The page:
Much less talked about are the frequent startup failures or the inability of design firms to recover discounts through royalties. Realistically, design firms can only consider equity and royalty as “gravy” after a stable cash flow and profitability has been assured. During the 2001-02 downturn, the digital agencies with significant startup exposure went belly up (March First, Viant, etc.).
There are intriguing side effects of alternative compensation models. The nature of the client relationship changes when the design firm is not only a vendor but also a partial owner. In the process of negotiating equity or royalty terms, clients have to disclose financing details, board priorities, corporate milestones, and other sensitive information that otherwise would not enter the contract discussion.
Such increased transparency breeds trust and a different level of client empathy on the part of the creative team. Design teams that regularly work with startups appreciate the need to hit the ground running. They know that for a startup, shipping product is the only thing that matters. Designers can also hone their skills to develop a complex story in a concise format, for example for a Kickstarter or Indiegogo fundraising video.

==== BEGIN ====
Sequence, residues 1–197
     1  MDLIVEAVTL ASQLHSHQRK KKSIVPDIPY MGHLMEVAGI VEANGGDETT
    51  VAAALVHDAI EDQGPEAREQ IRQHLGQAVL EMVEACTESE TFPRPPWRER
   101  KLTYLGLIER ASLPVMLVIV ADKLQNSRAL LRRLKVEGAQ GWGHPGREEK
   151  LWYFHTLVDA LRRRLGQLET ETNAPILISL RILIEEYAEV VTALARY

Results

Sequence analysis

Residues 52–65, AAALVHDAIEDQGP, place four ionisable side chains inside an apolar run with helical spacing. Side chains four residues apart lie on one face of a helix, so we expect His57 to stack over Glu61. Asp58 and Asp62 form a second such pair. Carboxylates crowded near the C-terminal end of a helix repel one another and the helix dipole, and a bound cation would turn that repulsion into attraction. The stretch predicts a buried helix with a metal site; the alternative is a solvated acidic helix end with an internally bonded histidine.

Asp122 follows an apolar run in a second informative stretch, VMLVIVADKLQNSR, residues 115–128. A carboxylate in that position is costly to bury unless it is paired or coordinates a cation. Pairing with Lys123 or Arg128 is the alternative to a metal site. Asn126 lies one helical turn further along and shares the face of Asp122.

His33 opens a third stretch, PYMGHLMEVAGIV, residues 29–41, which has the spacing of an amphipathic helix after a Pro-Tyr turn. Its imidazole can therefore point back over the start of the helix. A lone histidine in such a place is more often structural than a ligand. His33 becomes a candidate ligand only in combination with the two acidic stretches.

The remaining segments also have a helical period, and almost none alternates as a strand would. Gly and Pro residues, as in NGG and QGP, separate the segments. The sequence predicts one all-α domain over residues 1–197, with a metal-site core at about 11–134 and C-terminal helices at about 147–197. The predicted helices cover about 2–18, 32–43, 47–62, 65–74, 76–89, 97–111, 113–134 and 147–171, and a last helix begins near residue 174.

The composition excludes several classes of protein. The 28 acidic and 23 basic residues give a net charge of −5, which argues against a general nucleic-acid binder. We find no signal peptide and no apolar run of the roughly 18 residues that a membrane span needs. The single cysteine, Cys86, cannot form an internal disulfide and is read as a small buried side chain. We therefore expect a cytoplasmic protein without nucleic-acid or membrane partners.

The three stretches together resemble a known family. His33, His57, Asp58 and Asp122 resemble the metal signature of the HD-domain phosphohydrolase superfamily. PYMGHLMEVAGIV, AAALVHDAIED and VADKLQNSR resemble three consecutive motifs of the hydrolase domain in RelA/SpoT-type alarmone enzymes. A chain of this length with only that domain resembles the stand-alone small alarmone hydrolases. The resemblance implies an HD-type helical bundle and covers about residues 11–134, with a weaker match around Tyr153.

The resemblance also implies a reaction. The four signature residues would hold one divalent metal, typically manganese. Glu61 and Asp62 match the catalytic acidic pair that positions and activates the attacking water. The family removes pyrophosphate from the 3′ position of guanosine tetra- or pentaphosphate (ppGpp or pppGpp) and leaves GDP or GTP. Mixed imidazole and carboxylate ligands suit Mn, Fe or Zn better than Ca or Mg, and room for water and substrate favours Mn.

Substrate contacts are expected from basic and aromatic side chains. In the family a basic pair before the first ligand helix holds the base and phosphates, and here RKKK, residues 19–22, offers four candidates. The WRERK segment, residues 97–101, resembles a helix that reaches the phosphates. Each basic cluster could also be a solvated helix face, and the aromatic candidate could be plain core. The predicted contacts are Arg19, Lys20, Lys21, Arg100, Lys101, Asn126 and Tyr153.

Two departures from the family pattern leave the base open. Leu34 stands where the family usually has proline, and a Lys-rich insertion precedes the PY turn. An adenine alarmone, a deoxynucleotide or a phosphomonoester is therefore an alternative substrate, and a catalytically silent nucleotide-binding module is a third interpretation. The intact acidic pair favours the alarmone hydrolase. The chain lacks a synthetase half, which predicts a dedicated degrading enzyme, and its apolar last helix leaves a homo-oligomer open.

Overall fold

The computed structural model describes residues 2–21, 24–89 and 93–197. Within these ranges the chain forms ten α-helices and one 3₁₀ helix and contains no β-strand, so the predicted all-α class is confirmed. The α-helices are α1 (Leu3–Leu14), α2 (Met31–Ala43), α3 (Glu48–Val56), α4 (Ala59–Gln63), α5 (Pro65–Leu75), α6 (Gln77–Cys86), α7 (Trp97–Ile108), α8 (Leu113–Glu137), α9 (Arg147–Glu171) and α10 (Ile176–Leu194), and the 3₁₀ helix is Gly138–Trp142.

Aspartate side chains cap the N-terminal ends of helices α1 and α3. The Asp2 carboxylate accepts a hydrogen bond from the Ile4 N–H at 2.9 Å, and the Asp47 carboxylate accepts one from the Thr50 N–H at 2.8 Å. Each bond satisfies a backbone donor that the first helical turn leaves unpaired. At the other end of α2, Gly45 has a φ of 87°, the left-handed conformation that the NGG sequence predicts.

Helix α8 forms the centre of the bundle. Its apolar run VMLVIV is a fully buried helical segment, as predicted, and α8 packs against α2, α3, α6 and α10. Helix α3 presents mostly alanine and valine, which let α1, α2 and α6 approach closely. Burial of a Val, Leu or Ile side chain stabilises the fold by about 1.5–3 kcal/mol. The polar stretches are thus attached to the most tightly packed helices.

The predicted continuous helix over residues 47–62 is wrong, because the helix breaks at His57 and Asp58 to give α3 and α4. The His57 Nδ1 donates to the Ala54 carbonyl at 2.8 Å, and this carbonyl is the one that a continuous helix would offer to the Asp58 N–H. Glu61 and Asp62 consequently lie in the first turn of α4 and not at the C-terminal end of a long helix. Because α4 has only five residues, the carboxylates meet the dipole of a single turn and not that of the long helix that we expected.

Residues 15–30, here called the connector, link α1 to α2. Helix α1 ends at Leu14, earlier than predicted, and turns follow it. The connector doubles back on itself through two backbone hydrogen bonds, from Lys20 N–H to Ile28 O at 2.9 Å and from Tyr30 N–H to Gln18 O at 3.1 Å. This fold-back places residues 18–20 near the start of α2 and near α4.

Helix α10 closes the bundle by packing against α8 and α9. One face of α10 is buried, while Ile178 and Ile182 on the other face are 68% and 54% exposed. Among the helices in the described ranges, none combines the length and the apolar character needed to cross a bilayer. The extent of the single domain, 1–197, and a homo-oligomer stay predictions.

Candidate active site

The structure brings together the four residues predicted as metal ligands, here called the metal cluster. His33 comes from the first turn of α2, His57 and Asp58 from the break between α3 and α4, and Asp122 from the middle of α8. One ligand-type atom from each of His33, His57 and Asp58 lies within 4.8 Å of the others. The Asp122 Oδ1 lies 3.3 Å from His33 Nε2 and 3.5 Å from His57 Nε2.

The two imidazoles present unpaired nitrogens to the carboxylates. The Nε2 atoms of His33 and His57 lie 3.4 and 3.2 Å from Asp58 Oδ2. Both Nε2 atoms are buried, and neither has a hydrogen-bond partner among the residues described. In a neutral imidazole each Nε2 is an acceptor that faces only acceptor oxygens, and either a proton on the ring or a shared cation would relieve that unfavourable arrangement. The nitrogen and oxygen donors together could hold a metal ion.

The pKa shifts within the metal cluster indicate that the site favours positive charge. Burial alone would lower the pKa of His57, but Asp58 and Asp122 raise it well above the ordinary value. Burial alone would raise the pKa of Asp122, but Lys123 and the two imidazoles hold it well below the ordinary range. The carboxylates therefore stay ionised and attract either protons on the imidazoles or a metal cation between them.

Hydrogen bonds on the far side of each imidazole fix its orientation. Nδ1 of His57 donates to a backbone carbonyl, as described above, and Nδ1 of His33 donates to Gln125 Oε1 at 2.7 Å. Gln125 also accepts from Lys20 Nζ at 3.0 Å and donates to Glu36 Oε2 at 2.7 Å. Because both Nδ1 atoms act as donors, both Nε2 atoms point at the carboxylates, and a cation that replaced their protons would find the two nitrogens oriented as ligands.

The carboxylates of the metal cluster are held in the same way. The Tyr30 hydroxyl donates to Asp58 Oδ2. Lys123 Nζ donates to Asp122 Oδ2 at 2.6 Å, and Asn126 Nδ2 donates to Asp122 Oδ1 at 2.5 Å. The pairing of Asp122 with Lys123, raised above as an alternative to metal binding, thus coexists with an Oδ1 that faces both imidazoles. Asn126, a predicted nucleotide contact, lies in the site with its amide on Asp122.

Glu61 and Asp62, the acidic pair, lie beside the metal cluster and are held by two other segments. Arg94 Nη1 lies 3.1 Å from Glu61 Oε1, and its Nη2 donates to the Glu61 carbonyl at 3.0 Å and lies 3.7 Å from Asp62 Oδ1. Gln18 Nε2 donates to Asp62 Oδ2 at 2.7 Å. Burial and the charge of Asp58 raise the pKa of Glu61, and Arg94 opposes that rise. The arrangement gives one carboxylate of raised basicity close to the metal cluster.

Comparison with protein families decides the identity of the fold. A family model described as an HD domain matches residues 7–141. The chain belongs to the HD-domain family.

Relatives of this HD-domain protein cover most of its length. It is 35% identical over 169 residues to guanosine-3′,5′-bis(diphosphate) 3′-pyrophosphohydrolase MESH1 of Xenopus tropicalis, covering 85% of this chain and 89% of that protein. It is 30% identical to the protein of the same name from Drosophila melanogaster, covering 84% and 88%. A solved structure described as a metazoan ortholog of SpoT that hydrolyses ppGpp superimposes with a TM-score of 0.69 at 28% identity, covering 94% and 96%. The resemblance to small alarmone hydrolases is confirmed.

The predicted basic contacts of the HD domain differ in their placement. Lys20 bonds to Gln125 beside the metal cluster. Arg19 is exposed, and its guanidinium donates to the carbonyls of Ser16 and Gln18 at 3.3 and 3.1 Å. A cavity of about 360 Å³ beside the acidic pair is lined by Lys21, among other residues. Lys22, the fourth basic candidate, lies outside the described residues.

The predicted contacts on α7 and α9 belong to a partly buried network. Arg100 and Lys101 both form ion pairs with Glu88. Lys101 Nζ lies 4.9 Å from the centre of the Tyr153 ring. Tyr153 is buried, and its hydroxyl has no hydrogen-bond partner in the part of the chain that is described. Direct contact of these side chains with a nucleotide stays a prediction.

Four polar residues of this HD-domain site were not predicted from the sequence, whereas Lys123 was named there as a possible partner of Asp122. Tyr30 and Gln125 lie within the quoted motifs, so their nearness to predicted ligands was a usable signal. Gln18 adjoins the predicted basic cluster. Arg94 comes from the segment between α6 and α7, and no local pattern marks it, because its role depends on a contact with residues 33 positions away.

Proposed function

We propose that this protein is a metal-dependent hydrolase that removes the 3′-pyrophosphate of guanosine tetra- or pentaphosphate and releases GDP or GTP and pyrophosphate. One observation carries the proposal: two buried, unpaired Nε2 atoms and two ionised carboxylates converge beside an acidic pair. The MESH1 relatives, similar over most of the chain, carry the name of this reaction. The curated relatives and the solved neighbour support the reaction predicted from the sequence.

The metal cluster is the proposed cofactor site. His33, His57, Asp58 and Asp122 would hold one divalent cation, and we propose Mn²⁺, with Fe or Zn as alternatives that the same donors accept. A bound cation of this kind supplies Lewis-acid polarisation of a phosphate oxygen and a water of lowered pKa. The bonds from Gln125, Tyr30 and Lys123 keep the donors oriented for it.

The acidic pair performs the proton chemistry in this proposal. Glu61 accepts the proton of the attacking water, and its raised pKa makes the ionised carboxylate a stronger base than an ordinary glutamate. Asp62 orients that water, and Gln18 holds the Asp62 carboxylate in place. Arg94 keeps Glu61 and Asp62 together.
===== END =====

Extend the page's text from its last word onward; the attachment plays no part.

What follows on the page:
Today, entrepreneurship is no longer just a startup topic—it’s become an alternative to lengthy and expensive corporate research and development. Organizations are looking to go to market for new product ideas more quickly, as well as to establish customer validation earlier on. Smart design firms and digital agencies have begun to extend startup engagement models to larger organizations. R/GA is now running accelerator programs on behalf of clients such as Metro AG and the LA Dodgers. The agency is curating and mentoring startups that provide innovations relevant to a particular client’s industry. In this engagement model, design firms and agencies act more as a broker and agent of innovation than as a pure “creator.”
Embracing Creative Destruction. Creative destruction is about taking things apart and putting them back together again in a smarter, better way. This is precisely what designers know how to do so well. As an industry, we have to start applying the tools of the trade to ourselves.
No, design is not dead. Far from it. But it is ever-evolving. We need to embrace the broader, more integrated role of design, in which value is rendered above and beyond design artifacts. We need to demonstrate the impact of design through thinking, making, and “making things happen”, as my colleague Roberto Veronese puts it. And we need to embrace destruction as a natural and necessary part of the creative process—in the work, in our clients’ business and especially in ourselves.
About the author:
As SVP / General Manager, Carsten leads Method’s business globally. He is passionate about the business of design and the design of business, focusing on aligning Method’s creative talent with client needs. Carsten has over 15 years of experience in design, technology and general management, and has worked extensively with clients in a variety of industries – including automotive, financial services, media and telecommunications.
Creative Creative Destruction: Illustration by Uruguay-based illustrator , Martín Azambuja